Re-Parenting And Healing

You must have heard these as a kid or yelled at for asking questions – “why are you asking silly questions” or “Don’t waste my time. I don’t have time for your questions.” You are stupid” or “you cannot do anything right.” To make you do things, did you hear this: “It’s my way or the highway!”? How could you cry? You will never have a good relationship because you are not good enough.

The above list can be endless. These are a few of the myriad statements most of us heard as children and during our growing years. Sad, if you did listen to them! Over time, we have normalized these statements and are now saying the same to our children. These are essentially damaging lines that can scar anyone for life.

If you think you have undergone the above, please observe your behaviour towards your children. At times, we subconsciously incorporate toxic parenting styles due to the neglect and abuse we faced/suffered as children. The same statements are repeated in déjà vu mode to our children and get transferred to every generation.

Before you label yourselves as “bad parents,” you must know that recognizing toxic patterns is a sign of a sensitive parent and that most of us subconsciously do it. Hence the need to Reparent ourselves. Treat yourself with lots of love and care.

A child’s self-esteem, confidence, and personality are crucial early years. The adult version of the child has a lot to do with what they are ingrained in their young years. So, parents must be cautious in their speech, body language, and non-verbal communication. The child’s brain catches these sensitive things quickly, and they will end up normalising them as adults because their parents or caregivers did it. Society often mistakes authority as ” ideal,” and social conditioning happens in that name. Hence it is vital to “Reparent us” using professional help.

What is Reparenting? According to the world wide web’s definition: Re-parenting is a state of psychotherapy in which the therapist actively assumes the function of a new or surrogate parental figure for the client to treat psychological disruptions caused by inadequate, even abusive, parenting.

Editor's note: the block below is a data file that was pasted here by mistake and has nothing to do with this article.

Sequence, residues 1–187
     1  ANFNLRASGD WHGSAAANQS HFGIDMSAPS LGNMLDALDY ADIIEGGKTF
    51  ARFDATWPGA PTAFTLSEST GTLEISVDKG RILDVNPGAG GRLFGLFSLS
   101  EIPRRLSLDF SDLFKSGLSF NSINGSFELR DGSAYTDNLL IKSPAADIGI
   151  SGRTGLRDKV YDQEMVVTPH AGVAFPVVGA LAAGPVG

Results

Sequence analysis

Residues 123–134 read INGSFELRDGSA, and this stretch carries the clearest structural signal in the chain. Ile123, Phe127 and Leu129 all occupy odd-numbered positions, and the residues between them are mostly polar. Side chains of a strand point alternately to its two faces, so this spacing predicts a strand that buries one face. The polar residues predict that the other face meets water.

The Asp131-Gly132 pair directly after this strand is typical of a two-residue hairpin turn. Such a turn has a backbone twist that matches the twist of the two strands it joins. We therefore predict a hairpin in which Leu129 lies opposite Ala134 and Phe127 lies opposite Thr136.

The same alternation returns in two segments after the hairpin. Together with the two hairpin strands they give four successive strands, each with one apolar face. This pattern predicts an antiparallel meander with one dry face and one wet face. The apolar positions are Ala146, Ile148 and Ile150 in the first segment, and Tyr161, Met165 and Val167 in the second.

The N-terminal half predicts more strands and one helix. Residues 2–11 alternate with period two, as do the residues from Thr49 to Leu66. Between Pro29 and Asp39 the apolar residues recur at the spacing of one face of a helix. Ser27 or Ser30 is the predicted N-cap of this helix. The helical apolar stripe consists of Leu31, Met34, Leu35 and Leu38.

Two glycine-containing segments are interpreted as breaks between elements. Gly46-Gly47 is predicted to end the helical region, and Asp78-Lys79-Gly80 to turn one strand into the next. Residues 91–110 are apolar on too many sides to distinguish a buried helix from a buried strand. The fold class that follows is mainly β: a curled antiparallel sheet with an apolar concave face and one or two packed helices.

In my earlier article on Cycle Breakers,” I mentioned how vicious cycles need to be broken. Unfortunately, a parent can have an equally abusive relationship with the child. Gaslighting and emotional abuse are normalized in most families. The questions/statements that I listed above are examples of toxic parenting. Reparenting is one way of helping a damaged adult heal. 

One reason toxic parenting continues to date is the abuse of authority, encouragement of toxic gratitude, and forced apologies in families. Older generations think it is good to “teach” kids to say “thank you” and “sorry” without the children feeling it. I am sure all of you, at some point, have told your children to “be respectful” towards adults who visit your home or relatives who visit too. “Beta, come and say hi to XYZ uncle/aunt” – is extremely common. Children who don’t do it are labeled “bad” kids or “mannerless.” This is just one of the few examples that happen when you are a child. We carry forward these when we are adults and do the same to our children. Some cycle breakers like me will be labeled as “bad parents,” too, since we do not teach our kids to be “good” to everyone! 

The worst is hearing the “bad kid” label aloud from the visiting adult and the parents instead of speaking for the child and agreeing with the person. It can affect the child the most since the innermost voice tears up thinking: “oh, my parent doesn’t love me.” It is the worst you can do to any child at that time. Even if you do not hit the child, this inner child is “hit” virtually for life!